Telstra first partnered with Pivotal in August 2015, saying they would collaborate on an enterprise software platform. The telco subsequently became a member of the Cloud Foundry Foundation, which was launched in collaboration with Linux Foundation under a non-profit banner with members including EMC, HP, VMware, IBM, and SAP.
“By partnering with Pivotal, who are global leaders in agile development and cloud-native platform, we will enhance our innovation offering for our customers and create a pipeline of skills to grow our development capabilities,” former Telstra COO Kate McKenzie said at the time.
Pivotal — a big data, cloud, and agile development enterprise software services provider that was spun out of EMC and VMware — said its most recent project with Telstra involved upgrading the telco’s service status page, which informs consumers of service disruptions and helps them to resolve issues themselves.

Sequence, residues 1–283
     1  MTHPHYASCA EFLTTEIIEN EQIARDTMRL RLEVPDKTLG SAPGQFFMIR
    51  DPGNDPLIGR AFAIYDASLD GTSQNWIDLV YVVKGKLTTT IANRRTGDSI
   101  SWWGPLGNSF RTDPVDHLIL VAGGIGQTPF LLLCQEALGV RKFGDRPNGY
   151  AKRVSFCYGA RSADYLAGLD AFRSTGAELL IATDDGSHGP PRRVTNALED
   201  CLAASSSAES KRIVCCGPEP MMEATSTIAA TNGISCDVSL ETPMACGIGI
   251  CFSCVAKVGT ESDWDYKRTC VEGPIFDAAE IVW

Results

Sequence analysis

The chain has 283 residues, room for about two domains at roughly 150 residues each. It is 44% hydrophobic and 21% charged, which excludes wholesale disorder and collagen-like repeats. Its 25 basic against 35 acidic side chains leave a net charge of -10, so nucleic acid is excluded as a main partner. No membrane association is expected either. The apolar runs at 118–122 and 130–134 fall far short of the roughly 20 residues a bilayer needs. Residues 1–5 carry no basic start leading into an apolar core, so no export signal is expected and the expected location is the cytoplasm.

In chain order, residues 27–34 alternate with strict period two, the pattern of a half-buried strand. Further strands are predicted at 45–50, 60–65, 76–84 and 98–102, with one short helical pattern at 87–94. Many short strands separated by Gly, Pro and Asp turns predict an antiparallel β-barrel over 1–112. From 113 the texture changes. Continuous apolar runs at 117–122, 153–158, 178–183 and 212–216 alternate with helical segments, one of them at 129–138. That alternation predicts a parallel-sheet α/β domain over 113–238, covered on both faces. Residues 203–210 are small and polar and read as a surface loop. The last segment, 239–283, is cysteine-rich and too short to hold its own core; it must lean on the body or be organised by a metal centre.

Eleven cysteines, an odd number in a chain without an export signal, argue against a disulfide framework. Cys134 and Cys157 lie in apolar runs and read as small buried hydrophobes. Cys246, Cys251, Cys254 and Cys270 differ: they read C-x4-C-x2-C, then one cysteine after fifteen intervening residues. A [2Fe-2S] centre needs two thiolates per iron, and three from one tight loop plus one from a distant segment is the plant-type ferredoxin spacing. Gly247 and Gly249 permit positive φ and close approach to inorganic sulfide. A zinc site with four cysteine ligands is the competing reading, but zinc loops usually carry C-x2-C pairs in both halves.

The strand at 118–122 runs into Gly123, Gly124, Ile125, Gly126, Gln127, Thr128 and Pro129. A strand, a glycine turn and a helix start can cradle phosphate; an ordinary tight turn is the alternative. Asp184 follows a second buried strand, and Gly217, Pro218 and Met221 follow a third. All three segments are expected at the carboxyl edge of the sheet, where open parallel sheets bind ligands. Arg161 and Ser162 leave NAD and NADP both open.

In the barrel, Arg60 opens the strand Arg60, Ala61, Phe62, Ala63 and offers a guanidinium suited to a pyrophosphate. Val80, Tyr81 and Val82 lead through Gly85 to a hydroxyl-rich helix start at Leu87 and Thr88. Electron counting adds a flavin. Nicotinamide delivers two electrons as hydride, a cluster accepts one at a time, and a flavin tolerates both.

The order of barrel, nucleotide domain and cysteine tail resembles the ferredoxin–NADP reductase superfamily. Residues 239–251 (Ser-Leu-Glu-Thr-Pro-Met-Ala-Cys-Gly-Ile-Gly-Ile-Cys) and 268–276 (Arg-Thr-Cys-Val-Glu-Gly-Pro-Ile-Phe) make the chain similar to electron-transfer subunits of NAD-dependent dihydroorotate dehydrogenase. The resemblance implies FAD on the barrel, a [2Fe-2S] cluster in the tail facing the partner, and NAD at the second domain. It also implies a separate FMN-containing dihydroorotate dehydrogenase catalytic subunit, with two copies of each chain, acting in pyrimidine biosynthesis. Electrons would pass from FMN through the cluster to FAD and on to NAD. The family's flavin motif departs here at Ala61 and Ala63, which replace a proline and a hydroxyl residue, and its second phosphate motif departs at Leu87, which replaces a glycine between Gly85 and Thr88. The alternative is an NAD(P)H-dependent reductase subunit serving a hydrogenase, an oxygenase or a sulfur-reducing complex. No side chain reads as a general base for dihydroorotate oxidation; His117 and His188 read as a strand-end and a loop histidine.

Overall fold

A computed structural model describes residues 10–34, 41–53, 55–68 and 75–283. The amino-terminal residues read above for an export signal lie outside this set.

In terms of the next step in their partnership, Pivotal CEO Rob Mee told ZDNet that it will involve further expansion of its agile methodology out to Telstra’s customers across the nation.
“I’m hoping that we can take this to many other companies across industries in Australia,” Mee told ZDNet.
“This is actually the first joint venture of a Pivotal Labs that we’ve ever done, so it’s something unique and special, and I think with Telstra’s scale and reach in Australia, we can really take it out much more quickly to industry in Australia.”
Beyond Telstra, Pivotal’s Australian customers include Macquarie Bank, the Digital Transformation Agency, and CoreLogic RP Data, while its Asia-Pacific customers include Yahoo Japan, Samsung, and NTT Data Corporation.
In the US, Pivotal has worked with tech giants Twitter and Google, as well as Verizon, eBay, Boeing, Rackspace, VMware, Ford, and GE, with more than 30 percent of the Fortune 100 working with the software company. European customers include Volkswagen, Daimler, BMW, and Orange.